Torah Portion of the Week
Topics in this week's portion include: Women Captives, First-Born's Share, The Rebellious Son, Hanging and Burial, Returning Lost Articles, The Fallen Animal, Transvestitism, The Bird's Nest, Guard-Rails, Mixed Agriculture, Forbidden Combinations, Bound Tassels, Defamed Wife, Penalty for Adultery, Betrothed Maiden, Rape, Unmarried Girl, Mutilated Genitals, Mamzer, Ammonites & Moabites, Edomites & Egyptians, The Army Camp, Sheltering Slaves, Prostitution, Deducted Interest, Keeping Vows, Worker in a Vineyard, Field Worker, Divorce and Remarriage, New Bridegroom, Kidnapping, Leprosy, Security for Loans, Paying Wages on Time, Testimony of Close Relatives, Widows and Orphans, Forgotten Sheaves, Leftover Fruit, Flogging, The Childless Brother-in-Law, Weights and Measures, Remembering What Amalek Did to Us.
* * *
based on Growth Through Torah by Rabbi Zelig Pliskin
The Torah teaches an important lesson about choosing a spouse in this week's portion. Regarding a non-Jewish woman captured during war that a soldier wishes to marry, the Torah places all sorts of restrictions in the way of marriage over a period of thirty days -- so that his passion will cool. The Torah states regarding the soldier's ultimate decision:
"And it will be if you did not want her" (Deut. 21:14).
Why does the Torah speak in the past tense ("did not want her") when referring to the decision the soldier makes at the end of thirty days? The Torah "should" have spoken in the future tense -- "and ... if you will not want her."
The answer is that there is a difference between the term chaishek which means passion and lust, and the Hebrew verb used by the Torah in this verse, chofaitz, which means wanting because of a rational decision that something is good for you. The Torah is telling us that a person who wants to marry someone only because of infatuation and a passion that is based on good looks never really wanted the person from the very beginning (therefore the past tense is used). It was just desire, not a genuine love for the other person.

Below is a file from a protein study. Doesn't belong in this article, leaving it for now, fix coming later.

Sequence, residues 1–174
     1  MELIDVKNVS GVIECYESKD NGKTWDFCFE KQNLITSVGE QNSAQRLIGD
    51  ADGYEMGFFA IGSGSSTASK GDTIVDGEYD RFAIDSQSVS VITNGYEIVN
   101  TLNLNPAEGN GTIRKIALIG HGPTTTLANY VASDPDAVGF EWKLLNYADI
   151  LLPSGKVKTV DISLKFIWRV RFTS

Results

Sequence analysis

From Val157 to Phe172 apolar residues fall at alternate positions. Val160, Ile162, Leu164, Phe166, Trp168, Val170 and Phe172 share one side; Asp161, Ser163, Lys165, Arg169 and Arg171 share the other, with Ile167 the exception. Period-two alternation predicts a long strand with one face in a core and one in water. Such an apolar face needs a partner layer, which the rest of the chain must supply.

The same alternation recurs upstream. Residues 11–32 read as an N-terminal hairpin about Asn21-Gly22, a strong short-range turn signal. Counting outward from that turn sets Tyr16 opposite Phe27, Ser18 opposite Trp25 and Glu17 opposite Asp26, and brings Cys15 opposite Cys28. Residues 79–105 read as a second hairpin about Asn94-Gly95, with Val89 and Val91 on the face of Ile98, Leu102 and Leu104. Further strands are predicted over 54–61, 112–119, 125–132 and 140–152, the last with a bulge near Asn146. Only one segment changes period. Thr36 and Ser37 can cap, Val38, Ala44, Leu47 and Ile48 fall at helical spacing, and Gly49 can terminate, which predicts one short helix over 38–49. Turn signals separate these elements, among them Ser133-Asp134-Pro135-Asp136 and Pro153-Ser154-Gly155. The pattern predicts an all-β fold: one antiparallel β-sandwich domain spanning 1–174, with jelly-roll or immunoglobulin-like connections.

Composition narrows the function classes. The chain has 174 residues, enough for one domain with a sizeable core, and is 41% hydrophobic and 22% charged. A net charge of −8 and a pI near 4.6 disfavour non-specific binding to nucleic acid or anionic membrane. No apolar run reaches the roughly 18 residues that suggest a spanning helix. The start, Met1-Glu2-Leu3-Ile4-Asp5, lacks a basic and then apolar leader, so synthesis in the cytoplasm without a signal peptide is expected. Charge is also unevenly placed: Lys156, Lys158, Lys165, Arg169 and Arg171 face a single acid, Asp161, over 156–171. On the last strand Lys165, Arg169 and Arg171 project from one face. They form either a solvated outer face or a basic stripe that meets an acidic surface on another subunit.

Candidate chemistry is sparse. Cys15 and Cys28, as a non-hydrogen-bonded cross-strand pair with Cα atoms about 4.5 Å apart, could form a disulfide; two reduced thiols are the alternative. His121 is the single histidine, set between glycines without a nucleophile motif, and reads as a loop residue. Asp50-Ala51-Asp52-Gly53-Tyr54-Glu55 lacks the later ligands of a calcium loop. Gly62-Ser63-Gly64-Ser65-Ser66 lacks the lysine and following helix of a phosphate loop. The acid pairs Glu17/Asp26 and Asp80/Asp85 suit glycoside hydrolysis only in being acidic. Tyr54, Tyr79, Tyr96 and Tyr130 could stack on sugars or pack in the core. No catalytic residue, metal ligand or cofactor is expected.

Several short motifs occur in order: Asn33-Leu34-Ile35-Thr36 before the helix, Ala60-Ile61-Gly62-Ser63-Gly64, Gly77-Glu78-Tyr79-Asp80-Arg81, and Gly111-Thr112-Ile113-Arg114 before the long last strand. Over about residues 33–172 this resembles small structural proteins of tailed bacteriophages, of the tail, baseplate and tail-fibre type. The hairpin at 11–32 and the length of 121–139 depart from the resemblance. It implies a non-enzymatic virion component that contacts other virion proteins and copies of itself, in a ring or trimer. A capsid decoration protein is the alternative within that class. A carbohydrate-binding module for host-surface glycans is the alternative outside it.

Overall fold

Rabbi Noah Weinberg, of blessed memory, the founder of Aish HaTorah defines love as "the pleasure one has in seeing the good in another person. It is based on recognizing the virtuous qualities in another person and identifying the person with those qualities. Infatuation, however, is blind -- when your emotions prevent you from seeing the entire picture and you mistakenly believe that the object of your infatuation is totally perfect, free of any faults." Love is not blind, it is open-eyed -- you see the faults and imperfections as well as the good. Infatuation is blind. If you think the other person is perfect -- watch out!
CANDLE LIGHTING - August 31
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QUOTE OF THE WEEK:
Life is fragile - Handle with prayer